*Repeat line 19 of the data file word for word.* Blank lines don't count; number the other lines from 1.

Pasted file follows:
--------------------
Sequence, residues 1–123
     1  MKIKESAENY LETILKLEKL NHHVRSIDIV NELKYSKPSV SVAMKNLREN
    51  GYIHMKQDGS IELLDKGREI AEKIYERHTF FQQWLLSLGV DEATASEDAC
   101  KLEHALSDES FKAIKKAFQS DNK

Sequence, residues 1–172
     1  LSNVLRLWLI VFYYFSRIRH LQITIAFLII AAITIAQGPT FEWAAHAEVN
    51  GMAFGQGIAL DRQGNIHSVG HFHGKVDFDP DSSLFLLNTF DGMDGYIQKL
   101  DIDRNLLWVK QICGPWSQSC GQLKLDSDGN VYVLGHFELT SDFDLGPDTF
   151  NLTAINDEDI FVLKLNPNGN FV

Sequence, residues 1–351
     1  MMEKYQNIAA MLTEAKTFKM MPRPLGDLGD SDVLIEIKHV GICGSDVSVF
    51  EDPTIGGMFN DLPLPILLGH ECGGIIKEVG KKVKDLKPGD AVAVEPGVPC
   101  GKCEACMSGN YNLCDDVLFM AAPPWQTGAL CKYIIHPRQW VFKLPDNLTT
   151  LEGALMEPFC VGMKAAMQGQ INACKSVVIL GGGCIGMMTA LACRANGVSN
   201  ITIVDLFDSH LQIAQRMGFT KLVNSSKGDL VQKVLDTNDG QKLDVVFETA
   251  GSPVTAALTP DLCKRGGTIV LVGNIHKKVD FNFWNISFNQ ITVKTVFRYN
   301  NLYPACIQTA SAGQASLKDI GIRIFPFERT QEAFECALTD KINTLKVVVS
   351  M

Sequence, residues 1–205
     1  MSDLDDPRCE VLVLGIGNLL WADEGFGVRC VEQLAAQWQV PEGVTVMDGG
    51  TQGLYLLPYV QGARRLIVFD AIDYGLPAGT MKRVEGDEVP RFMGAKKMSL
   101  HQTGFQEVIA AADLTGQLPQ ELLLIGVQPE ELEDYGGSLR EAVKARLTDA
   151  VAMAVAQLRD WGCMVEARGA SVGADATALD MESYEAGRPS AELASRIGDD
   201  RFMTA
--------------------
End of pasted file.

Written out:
Sequence, residues 1–205